I returned again today to one of the great unanswerable questions: which is better – the novel Breakfast at Tiffany’s, or the movie version based on the book?
Despite having the same characters and much the same story, the two versions are completely different in feel and in their respective endings.
Some say that the movie version sanitises Holly Golightly, who’s basically a working girl, damaged and unfathomable. And whereas by the end of the movie, Holly surrenders to love, in the novel she moves on, leaving the unnamed narrator searching for faint clues as to her whereabouts.
But both versions work for me. One Holly leaves, and the other Holly stays.
Someone pointed me in the direction of Tim Ferriss, who is a sort of do-things-efficiently guru, so I watched one of his videos on youtube. Interesting, I thought; it’s always worth watching people who are good at what they do.
Then I watched another one of his videos, a presentation, in which he quoted Mark Twain: “whenever you find yourself on the side of the majority, it is time to pause and reflect.”
And I looked at the crowd watching Tim Ferriss, rapt and attentive, eager to learn, as he gave his talk and I thought, aah, right, got it.
I paused, reflected for a moment or two, then stopped the Tim Ferris film and switched to a Pixies video instead.
Was listening to Tom Waits’ album Blue Valentine, in particular Somewhere, which always makes me cry, and I realised it’s best part of forty years old.
But my favourite Tom Waits song is Shore Leave, just for the break into the chorus, when you realise it’s basically a twelve-bar, and it’s a blues, but it’s not a ‘twelve bar blues’ and you think, “What has he just done there?”
Surprising, and beautiful too. Which is what all art should be.
I should explain about why I hate the medication I take for the otherwise-daily migraines. From age sixteen to twenty I was addicted to barbiturates. Horrible, creepy, soft-centred, smiling and welcoming drugs, barbiturates. Nasty. They suck away the top layer of your soul, they dull the sharp edge of perception. A treacherous and abusive friend that I hung out with for four years or more.
But then I stopped. Which was interesting.
The medication I take now has a very similar effect on me to what the barbs did, and I hate it. Really hate it. Oh yes, it feels lovely, it does, and it stops the migraines pretty much, but its like my brain suddenly got short-sighted.
Good news is though, the very fact I’m saying this means I’m aware of it, so…
Stuck between the migraines and the medication: one makes me ill, the other makes me drowsy. Not sleepy exactly, just unfocused on anything other than a functioning day-to-day level.It’s either vague numbness or hot wires flickering in my eyes and my head. Anyhow, I’ve decided to push through these meds and start writing again.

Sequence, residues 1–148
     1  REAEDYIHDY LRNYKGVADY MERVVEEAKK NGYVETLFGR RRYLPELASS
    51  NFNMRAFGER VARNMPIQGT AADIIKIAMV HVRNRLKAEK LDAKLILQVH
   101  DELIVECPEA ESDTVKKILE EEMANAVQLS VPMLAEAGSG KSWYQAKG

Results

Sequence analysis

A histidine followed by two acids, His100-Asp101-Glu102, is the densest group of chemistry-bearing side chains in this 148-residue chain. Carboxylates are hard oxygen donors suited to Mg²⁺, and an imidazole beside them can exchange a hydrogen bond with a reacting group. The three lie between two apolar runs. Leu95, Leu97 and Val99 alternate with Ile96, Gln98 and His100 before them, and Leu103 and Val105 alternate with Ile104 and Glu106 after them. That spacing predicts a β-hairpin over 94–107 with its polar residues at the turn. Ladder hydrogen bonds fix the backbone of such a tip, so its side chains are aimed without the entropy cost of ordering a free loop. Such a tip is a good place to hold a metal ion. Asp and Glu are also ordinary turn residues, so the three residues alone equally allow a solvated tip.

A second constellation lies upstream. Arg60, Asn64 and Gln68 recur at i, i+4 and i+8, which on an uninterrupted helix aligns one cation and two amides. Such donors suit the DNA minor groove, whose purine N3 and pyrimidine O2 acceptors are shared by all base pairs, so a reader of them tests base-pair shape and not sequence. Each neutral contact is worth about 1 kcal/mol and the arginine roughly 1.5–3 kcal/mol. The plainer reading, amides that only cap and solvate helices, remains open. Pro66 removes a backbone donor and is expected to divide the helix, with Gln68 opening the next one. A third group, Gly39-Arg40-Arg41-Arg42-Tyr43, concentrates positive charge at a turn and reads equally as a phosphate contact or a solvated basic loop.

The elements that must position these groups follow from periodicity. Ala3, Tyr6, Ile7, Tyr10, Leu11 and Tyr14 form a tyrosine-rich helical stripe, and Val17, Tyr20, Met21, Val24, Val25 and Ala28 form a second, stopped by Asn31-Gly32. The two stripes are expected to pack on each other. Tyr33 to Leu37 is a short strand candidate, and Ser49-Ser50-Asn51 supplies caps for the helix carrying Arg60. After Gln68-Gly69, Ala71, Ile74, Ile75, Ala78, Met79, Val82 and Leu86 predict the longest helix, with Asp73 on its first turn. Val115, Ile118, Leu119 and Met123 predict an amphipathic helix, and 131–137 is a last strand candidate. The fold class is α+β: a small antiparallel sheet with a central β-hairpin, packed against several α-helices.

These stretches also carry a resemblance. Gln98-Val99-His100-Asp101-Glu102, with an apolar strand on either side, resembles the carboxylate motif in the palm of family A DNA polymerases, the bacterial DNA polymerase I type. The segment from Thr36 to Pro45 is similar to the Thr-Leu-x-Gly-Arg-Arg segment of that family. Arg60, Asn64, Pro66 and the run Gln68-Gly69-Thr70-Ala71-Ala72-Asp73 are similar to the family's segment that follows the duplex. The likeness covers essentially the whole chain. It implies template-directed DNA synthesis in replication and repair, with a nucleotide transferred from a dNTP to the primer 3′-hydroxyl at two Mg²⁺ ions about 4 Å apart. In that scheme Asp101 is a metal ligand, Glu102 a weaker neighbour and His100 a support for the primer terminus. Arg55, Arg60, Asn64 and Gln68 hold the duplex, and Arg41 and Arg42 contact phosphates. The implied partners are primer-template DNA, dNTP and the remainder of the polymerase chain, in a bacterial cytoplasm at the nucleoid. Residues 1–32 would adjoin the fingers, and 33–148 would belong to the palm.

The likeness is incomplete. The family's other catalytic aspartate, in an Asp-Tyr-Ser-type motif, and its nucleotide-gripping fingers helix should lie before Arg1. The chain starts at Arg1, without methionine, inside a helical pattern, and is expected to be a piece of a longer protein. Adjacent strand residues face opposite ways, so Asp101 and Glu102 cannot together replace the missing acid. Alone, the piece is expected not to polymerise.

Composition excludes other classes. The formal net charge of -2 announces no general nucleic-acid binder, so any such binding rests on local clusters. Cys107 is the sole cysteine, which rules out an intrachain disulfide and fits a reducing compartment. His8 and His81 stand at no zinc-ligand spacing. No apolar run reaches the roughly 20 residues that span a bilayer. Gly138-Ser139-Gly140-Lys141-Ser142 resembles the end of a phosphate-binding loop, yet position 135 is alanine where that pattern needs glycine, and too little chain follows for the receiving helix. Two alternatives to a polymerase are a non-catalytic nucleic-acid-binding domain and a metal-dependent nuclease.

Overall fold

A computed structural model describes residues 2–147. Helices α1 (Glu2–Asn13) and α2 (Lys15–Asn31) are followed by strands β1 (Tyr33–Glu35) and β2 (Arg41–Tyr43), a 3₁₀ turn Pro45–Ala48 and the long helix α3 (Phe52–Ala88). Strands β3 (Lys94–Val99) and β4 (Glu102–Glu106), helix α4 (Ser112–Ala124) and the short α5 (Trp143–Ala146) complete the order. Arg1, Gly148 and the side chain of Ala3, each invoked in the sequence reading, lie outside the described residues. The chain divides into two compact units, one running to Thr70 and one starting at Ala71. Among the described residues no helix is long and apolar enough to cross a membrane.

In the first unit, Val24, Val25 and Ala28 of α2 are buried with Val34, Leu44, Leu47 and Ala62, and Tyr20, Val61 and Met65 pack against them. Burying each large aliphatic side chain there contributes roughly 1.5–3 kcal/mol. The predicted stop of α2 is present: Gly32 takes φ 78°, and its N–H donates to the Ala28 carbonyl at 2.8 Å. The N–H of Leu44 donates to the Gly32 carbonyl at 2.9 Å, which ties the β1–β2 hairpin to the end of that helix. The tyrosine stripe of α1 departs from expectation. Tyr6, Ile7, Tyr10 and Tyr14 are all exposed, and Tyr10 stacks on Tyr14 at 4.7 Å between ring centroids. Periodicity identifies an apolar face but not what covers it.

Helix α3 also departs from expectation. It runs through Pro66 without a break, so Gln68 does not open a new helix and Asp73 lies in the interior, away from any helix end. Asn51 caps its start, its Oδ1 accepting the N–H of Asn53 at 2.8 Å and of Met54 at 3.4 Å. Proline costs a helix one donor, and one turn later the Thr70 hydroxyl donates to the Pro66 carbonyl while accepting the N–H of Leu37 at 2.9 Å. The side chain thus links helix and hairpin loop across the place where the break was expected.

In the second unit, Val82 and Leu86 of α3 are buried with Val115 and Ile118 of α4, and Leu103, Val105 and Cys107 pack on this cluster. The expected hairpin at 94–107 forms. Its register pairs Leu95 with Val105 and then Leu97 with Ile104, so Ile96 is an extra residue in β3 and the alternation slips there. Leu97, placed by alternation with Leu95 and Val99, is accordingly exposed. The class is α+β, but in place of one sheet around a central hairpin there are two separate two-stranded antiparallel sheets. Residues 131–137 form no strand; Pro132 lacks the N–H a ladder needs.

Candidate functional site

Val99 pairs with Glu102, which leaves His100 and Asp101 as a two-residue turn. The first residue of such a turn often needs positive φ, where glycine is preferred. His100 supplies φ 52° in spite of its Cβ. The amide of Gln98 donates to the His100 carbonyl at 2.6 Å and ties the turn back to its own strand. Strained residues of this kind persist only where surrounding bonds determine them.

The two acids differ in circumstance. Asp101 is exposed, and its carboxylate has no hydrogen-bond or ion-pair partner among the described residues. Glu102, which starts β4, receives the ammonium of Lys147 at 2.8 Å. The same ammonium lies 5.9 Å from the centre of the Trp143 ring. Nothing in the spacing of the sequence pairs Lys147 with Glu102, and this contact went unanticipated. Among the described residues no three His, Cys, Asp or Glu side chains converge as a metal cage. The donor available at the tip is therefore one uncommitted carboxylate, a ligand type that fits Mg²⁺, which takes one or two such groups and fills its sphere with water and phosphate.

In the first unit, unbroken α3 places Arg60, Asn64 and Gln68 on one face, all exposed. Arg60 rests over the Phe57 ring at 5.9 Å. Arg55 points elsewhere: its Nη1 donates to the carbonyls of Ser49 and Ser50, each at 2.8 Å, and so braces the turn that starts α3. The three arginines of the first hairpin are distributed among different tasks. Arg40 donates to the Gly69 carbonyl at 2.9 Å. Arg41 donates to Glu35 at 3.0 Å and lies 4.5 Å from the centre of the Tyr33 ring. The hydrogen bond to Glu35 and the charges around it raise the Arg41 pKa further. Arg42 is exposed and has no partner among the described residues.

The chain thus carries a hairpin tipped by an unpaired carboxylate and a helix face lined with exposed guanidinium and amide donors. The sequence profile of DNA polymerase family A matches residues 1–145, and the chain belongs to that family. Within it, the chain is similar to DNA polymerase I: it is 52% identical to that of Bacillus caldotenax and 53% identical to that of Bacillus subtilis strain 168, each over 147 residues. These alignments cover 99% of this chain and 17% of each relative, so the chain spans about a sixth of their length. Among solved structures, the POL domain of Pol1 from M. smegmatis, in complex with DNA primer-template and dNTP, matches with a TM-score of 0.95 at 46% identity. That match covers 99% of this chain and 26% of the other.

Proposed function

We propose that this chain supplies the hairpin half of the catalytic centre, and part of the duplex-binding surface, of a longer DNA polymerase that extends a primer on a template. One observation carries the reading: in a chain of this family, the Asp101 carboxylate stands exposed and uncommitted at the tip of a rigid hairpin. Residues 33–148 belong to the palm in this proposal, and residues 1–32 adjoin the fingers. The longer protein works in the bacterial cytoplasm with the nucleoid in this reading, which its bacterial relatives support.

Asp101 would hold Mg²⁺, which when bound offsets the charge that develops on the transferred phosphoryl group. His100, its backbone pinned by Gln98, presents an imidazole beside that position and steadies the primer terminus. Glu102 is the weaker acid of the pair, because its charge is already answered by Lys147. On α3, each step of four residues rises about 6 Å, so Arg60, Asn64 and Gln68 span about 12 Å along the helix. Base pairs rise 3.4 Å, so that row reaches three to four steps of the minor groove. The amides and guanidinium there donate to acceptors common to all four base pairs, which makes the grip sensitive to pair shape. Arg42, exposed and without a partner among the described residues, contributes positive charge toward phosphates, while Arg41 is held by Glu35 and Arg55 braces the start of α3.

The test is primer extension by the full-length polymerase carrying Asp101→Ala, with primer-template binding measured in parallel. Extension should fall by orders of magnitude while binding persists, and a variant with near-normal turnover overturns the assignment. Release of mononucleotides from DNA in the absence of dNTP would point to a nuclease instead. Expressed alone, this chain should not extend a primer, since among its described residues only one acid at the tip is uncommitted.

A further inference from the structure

Sitting looking at the various shades of green leaves in the trees next to where I live I realised there are no blue leaves.When I was at school I was taught that there are three primary colours: red, blue, yellow. All other colours come from a mix of these, plus black and white, which are not colours.
So for there to be leaves that are green (green is a mix of blue and yellow) there should probably be yellow leaves and blue leaves too.
There are yellow leaves. But there are no blue leaves. So perhaps the old ‘primary colour’ rule is wrong. Perhaps green is not a mixture of blue and yellow after all.
Just got back from a two-day walk from Whitby, northwards up the coast. Whitby was crowded. but you turned left out of the town and there were just miles of sandy beaches, with steep sided paths in between. Some lovely little seaside villages on the way too, and lots of cliffs.
Stopped over in Loftus – £20 for a room above a pub, complete with band playing ’80s rock covers downstairs, police cars whizzing by on the road outside and a general ambience of mild threat coming from the customers. The room came with no lightbulb, no remote for the TV, no towels and no breakfast, but the bed was comfortable. I was very tired though, so maybe I’m over-praising it.
I once wrote a story called Whitby, which you can read here:
post script: 24 hours later and the aches are starting to kick in. My writing is about to kick in too. Need a couple of weeks to prep it, then it starts.
Saturdays, I like to go and busk on the green outside the minster near where I live. It’s not the best place to earn money, there aren’t enough passers-by, but on a sunny day, like today, it’s a lovely gig. I was using my old tenor; it’s a lowly base model yamaha, competent, but that’s all. The mouthpiece however, is exceptional. It’s an SR Tech model that I had widened a little, with a gorgeous tone, all throaty and dark.
After the busking I met J and the Old Man for a pot of tea and the vicar, a young guy with long hair and a mountain bike, complimented my playing, asked if I’d play when the wedding that was about to take place came back out of the church. Sadly I didn’t have time to wait ’til the end of the wedding ceremony.
Maybe next time.
I can’t write at the moment. It’s brewing but it’s not quite there. When I do start again it’ll be on an industrial scale; I’ll write until I’m done.
But until then the busking will have to be my creative outlet.